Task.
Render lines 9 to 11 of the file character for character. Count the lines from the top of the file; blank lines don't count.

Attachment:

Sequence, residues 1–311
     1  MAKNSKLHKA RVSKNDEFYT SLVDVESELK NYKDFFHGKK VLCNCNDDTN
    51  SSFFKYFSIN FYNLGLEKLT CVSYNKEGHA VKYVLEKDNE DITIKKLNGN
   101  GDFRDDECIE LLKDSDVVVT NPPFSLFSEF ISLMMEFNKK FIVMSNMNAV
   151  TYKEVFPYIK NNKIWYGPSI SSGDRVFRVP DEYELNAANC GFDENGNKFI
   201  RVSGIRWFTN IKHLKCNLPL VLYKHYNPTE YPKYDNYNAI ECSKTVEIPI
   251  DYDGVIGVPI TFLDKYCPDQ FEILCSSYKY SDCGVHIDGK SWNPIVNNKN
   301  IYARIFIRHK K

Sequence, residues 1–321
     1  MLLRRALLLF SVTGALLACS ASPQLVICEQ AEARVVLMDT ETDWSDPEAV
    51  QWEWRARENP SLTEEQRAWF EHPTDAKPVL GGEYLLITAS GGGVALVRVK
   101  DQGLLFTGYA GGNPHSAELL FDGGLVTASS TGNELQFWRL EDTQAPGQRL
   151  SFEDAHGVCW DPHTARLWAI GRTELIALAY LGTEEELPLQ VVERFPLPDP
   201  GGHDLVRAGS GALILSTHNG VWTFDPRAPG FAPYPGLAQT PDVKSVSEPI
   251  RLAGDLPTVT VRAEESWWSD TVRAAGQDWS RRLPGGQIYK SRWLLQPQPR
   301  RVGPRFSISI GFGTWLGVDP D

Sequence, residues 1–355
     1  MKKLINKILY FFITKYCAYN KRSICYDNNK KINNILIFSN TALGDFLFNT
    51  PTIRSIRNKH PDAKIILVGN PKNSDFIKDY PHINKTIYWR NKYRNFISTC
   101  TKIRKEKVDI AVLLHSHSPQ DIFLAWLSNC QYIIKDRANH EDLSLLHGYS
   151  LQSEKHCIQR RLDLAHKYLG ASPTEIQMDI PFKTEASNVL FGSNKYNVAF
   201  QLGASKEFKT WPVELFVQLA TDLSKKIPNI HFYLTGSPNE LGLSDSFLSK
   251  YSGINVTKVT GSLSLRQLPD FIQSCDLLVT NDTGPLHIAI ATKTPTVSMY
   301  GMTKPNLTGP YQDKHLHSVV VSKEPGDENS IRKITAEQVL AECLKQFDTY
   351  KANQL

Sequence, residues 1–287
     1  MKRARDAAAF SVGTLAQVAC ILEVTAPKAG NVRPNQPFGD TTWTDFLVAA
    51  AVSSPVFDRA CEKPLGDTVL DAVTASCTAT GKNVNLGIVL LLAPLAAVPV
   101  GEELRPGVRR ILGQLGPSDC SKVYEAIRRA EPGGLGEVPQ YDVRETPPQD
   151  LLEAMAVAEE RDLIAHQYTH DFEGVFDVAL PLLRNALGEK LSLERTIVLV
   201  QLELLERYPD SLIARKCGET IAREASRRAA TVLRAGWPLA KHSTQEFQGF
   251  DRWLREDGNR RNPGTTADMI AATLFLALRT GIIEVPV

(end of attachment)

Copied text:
Sequence, residues 1–321
     1  MLLRRALLLF SVTGALLACS ASPQLVICEQ AEARVVLMDT ETDWSDPEAV
    51  QWEWRARENP SLTEEQRAWF EHPTDAKPVL GGEYLLITAS GGGVALVRVK